With all the advances in digital technology, many people still complain about the “tyranny of the keyboard.” At first we were limited to the use of typing skills to access information from computers, and even with advances like the mouse and touch-screens, the problem is that we human beings are required to learn and adapt, rather than technology adapting to us. Mobile devices like palm-sized computers and cell phones with internet access have freed users from the desk, but most still require some type of manual input.
However, recent advances in speech recognition technology are changing this. More and more, mobile phones and other devices have integrated speech recognition software and hardware that allows you to automatically dial someone in your contact list by simply speaking their name. Most 411 directory information systems and some airlines and hotels have also begun using the technology.
The most advanced system available now, and the clear winner in the battle for consumer acceptance of the new technology, is produced by a company called “Tell Me.” And you don’t need a keyboard or a computer to try it. Just call (800) 555-8355 – they advertise it in the easier-to-remember format: “(800) 555-TELL” – and speak to it just as you would a person.
There are many useful features, but the one that I’ve found most useful is “Driving Directions.” Just like Yahoo or Google Maps will give you turn-by-turn directions from one address to another, the Tell Me system will read them to you step-by-step after you’ve told it your starting and ending addresses.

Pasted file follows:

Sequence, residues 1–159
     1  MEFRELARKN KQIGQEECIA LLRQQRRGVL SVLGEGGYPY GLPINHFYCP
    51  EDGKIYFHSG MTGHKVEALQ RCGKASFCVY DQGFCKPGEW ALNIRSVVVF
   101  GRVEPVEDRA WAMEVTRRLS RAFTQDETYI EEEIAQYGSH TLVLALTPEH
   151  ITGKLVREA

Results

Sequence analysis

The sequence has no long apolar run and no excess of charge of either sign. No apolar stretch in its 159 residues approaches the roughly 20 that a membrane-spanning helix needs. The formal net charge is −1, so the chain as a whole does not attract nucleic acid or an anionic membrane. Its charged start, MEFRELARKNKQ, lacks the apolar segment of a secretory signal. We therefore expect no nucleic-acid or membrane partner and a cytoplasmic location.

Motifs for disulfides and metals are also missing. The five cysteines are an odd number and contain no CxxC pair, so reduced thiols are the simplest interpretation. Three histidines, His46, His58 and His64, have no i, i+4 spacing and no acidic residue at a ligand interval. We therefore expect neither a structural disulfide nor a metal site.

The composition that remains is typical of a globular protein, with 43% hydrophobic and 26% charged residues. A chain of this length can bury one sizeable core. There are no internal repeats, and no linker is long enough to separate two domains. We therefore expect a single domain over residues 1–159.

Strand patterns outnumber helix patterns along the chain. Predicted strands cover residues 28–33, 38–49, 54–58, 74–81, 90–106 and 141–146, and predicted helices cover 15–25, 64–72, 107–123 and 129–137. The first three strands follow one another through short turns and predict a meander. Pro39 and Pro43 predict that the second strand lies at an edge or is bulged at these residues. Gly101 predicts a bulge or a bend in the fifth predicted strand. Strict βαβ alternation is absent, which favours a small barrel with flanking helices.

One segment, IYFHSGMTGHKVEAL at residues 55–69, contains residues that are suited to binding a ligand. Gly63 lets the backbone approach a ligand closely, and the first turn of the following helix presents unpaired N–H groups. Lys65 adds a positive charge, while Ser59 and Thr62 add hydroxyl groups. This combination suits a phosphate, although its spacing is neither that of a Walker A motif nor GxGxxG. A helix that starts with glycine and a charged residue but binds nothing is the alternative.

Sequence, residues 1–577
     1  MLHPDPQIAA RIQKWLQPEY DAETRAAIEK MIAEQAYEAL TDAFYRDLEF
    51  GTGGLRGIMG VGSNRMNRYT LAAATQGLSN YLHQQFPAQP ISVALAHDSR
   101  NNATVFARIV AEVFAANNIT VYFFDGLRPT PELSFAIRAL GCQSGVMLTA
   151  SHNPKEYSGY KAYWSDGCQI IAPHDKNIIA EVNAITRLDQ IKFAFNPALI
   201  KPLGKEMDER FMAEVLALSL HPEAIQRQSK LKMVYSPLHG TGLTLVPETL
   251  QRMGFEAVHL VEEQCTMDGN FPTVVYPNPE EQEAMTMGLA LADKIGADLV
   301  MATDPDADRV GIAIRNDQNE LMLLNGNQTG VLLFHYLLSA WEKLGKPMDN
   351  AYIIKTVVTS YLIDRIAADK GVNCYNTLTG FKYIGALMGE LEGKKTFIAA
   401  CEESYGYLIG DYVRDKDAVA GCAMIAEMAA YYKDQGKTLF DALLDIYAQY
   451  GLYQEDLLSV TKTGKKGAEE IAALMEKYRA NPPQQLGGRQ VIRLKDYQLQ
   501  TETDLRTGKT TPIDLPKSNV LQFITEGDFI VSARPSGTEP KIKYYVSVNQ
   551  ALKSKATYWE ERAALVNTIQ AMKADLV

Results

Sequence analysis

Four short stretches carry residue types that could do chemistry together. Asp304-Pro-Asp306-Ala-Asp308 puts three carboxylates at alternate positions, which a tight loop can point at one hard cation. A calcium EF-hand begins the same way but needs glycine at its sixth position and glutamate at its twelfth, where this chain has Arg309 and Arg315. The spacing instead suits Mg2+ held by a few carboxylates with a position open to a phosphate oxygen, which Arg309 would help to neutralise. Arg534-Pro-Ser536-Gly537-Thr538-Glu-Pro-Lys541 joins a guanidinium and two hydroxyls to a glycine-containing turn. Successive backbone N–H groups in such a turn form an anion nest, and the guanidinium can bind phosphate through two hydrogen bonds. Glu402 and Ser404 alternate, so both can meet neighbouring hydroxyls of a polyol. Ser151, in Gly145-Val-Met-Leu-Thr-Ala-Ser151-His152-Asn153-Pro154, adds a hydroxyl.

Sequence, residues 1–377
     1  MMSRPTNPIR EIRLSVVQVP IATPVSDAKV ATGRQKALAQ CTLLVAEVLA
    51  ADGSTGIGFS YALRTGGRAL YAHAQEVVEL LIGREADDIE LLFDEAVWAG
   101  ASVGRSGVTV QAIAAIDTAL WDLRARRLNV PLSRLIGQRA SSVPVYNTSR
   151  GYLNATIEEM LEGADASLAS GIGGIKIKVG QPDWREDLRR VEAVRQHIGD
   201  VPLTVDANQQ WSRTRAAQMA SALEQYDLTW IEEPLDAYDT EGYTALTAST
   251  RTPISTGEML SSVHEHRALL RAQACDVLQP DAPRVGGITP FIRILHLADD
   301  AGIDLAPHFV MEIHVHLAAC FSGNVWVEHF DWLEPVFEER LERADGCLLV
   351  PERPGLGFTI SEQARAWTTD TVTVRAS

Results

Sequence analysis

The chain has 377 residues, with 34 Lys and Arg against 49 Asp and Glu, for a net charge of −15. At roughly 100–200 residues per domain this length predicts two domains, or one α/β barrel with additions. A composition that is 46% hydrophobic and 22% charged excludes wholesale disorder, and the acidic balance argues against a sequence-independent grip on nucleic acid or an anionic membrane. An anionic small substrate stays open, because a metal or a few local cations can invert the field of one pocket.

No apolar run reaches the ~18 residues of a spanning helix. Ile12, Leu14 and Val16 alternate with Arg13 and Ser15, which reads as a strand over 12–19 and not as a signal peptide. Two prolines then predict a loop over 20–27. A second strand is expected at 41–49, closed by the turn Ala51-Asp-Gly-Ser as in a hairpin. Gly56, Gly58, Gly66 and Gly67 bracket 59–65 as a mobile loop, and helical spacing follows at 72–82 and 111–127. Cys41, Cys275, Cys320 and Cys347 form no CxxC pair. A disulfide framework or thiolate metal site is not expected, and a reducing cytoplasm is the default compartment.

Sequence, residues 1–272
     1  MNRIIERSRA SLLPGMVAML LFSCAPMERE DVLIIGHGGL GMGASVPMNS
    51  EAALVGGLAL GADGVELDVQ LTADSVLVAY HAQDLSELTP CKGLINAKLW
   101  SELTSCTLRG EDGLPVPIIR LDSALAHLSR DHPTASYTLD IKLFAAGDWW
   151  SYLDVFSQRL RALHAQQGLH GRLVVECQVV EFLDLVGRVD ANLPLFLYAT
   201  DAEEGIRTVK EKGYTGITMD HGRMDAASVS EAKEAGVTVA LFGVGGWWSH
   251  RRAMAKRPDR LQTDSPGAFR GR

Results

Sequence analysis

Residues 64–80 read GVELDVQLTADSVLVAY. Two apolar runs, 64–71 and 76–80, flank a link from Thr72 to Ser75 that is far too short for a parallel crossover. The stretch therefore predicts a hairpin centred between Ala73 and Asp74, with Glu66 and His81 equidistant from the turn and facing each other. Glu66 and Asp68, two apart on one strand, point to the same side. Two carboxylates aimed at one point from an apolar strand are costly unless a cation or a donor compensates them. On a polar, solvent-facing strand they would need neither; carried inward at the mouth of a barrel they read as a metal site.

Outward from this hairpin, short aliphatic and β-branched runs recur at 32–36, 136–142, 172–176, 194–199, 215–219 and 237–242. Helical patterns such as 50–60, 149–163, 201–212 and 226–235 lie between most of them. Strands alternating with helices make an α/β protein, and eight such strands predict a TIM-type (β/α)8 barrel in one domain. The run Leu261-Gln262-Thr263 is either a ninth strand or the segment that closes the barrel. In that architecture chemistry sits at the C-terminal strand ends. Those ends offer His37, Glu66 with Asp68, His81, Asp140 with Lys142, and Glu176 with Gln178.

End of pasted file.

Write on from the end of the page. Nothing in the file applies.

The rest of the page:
Other features are current stock quotes, sports scores & news, weather information, connection to airlines or hotels or rental car or taxi services, movie information from Fandango, horoscopes, lottery results, soap operas plot summaries, a 411 business directory, business-world-entertainment news, and a black-jack game (voiced by a wicked Sean Connery imitation).
Hope you will find the technology useful as so many companies are adopting these systems, and, of course, adding their own audio advertising into the mix, so it may be a good idea for clients who are upgrading from the old telephone tree systems “Press 1 for this, press 2 for that.”